Holyfield and Tyson had been due to clash at Caesars Palace in November 1991, but a rib injury suffered by Tyson, followed by his incarceration, put paid to that.

Their 1996 showdown was billed as 'Finally', and the first fight – though now often overlooked because of what followed – was a monumental contest in heavyweight history, Tyson succumbing to just the second defeat of his professional career.

It featured thudding head collisions and the sight of Tyson being outboxed by the underdog until enough was enough for referee Mitch Halpern, who stepped in to stop the fight in the 11th round.

Halpern was kept busy that night but was prevented from officiating the rematch seven months later after a complaint from the Tyson camp, with Mills Lane stepping in at late notice.

It was to prove extraordinary, as Tyson bit both of Holyfield's ears during clinches in round three, spitting out a chunk of cartilage onto the canvas at one stage before outrageously claiming a punch had caused the injury.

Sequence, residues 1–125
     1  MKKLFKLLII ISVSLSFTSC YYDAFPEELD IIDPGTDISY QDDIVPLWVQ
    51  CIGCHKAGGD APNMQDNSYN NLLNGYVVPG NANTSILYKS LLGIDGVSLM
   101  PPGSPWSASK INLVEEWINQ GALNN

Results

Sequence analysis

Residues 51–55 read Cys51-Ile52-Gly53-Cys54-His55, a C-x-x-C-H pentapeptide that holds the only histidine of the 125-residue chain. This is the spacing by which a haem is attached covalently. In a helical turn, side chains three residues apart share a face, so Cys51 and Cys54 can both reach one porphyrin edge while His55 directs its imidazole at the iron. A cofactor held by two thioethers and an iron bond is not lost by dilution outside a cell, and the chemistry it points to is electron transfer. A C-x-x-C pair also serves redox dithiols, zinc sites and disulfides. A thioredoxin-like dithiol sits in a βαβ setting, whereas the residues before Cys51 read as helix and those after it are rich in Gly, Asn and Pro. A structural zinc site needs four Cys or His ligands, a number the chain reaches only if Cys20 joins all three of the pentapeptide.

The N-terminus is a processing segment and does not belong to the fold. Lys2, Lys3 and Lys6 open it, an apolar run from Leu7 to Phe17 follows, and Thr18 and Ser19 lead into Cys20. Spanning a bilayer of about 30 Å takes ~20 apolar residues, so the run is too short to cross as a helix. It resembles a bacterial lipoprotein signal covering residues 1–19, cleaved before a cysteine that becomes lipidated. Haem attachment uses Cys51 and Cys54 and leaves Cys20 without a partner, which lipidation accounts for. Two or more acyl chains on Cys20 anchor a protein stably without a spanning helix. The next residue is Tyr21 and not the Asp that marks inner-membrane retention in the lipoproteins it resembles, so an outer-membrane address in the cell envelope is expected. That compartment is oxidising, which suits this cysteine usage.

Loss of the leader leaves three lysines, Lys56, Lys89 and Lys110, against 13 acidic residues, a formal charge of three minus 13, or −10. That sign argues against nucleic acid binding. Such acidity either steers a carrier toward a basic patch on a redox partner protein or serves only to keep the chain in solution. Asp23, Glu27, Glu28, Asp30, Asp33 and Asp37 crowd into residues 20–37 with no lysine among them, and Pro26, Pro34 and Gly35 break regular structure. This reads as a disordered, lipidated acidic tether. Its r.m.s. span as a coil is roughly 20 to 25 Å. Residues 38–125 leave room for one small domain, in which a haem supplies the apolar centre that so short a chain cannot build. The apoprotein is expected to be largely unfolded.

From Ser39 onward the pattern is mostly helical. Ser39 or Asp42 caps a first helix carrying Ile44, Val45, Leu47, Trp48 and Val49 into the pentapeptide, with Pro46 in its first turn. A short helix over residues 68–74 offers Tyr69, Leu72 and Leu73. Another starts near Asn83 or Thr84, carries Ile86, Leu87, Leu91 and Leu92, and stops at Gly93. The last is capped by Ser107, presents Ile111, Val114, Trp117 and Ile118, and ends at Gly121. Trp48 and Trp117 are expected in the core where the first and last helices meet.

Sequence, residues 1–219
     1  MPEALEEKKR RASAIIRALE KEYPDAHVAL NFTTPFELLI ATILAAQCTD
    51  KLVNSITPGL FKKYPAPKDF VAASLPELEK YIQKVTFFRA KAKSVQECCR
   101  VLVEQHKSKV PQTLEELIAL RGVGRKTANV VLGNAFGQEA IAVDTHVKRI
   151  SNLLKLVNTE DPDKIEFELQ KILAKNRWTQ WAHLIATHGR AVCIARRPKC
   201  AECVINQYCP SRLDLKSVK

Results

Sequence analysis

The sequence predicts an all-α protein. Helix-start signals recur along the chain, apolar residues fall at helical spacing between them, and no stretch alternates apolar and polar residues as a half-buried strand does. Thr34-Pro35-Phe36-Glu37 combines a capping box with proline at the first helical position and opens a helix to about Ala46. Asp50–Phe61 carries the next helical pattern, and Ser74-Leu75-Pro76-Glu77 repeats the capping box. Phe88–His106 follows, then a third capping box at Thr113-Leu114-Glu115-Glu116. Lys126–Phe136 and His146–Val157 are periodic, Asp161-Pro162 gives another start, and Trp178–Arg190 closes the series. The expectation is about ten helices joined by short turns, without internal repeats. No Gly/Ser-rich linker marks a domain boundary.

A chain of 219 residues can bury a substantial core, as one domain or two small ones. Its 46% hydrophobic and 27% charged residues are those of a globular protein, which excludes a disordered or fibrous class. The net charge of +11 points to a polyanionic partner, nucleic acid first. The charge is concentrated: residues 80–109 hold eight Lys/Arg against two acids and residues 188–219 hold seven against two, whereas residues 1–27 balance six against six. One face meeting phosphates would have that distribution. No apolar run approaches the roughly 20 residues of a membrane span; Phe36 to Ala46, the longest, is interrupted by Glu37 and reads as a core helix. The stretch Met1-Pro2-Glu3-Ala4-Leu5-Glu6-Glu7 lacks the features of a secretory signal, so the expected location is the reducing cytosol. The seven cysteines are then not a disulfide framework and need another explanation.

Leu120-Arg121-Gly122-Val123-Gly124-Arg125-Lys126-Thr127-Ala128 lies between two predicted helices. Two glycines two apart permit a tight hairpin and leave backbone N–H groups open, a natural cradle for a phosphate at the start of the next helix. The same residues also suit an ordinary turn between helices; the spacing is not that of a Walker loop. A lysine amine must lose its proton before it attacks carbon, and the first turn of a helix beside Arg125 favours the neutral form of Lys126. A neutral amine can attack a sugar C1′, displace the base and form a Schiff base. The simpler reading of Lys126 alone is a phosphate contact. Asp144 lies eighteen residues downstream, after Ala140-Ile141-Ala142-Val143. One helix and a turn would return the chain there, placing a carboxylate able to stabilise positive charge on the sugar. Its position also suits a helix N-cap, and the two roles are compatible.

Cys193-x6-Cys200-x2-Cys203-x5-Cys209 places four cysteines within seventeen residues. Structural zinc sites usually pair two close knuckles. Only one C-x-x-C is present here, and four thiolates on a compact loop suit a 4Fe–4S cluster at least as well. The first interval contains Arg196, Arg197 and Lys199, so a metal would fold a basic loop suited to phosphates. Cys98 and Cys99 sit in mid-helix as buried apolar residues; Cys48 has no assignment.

Lane said it was a "b******t" explanation and disqualified Tyson, who was banned indefinitely. After a year, 'Iron Mike' had his licence back, but his glory days were over, those bites now more famous than any punch he ever threw.

What happens in Vegas no longer stays in Vegas. Instead, it is beamed around the world, with Fury and Wilder next under the spotlight.

The world of boxing will come to a standstill this weekend when Deontay Wilder faces Tyson Fury in an eagerly anticipated rematch at the MGM Grand in Las Vegas.

It has been 14 months since two of boxing's most eccentric characters fought to a contentious draw for Wilder's WBC heavyweight world title.

Predictions have been rolling in from pundits, fans and fellow boxers alike prior to Saturday's blockbuster clash.

Here we take a look at how the biggest names in the sport see the bout panning out.

 

Former heavyweight champion George Foreman – I pick Tyson Fury on points

"It's going to be good for boxing. I love it. I pick Tyson Fury to win on points," he told bookies.com "Millions will watch it, and it'll probably be a controversial decision. That Deontay Wilder can punch. Oh, he can hit, and he can hit hard. I think they're going to tear the wall down there because that rematch will be seen by a lot of people."

Anthony Joshua, the IBF, WBA and WBO world champion – Tyson Fury has more to his arsenal

"He [Fury] has more to his arsenal so that's why I'm leaning to him. Fury can punch a bit," 'AJ' said to Sky Sports. "He's underestimated with his punching power which makes him dangerous. If you underestimate someone it makes them dangerous because you don't respect them until you get hit."

Wladimir Klitschko – I wish, believe it or not, Fury might make it